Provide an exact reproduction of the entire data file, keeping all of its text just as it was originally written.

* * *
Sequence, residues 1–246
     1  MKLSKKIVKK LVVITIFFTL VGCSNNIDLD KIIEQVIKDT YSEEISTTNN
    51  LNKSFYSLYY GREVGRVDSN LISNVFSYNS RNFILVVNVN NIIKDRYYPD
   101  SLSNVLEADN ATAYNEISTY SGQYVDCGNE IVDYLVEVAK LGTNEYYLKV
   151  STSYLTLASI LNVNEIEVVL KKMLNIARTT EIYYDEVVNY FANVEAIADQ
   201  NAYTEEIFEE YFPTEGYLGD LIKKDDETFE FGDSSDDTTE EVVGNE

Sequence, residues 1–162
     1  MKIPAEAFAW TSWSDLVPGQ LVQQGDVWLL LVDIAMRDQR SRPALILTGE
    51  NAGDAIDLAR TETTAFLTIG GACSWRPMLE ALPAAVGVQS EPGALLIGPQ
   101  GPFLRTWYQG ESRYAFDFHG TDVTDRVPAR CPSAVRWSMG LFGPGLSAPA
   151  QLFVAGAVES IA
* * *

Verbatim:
Sequence, residues 1–246
     1  MKLSKKIVKK LVVITIFFTL VGCSNNIDLD KIIEQVIKDT YSEEISTTNN
    51  LNKSFYSLYY GREVGRVDSN LISNVFSYNS RNFILVVNVN NIIKDRYYPD
   101  SLSNVLEADN ATAYNEISTY SGQYVDCGNE IVDYLVEVAK LGTNEYYLKV
   151  STSYLTLASI LNVNEIEVVL KKMLNIARTT EIYYDEVVNY FANVEAIADQ
   201  NAYTEEIFEE YFPTEGYLGD LIKKDDETFE FGDSSDDTTE EVVGNE

Sequence, residues 1–162
     1  MKIPAEAFAW TSWSDLVPGQ LVQQGDVWLL LVDIAMRDQR SRPALILTGE
    51  NAGDAIDLAR TETTAFLTIG GACSWRPMLE ALPAAVGVQS EPGALLIGPQ
   101  GPFLRTWYQG ESRYAFDFHG TDVTDRVPAR CPSAVRWSMG LFGPGLSAPA
   151  QLFVAGAVES IA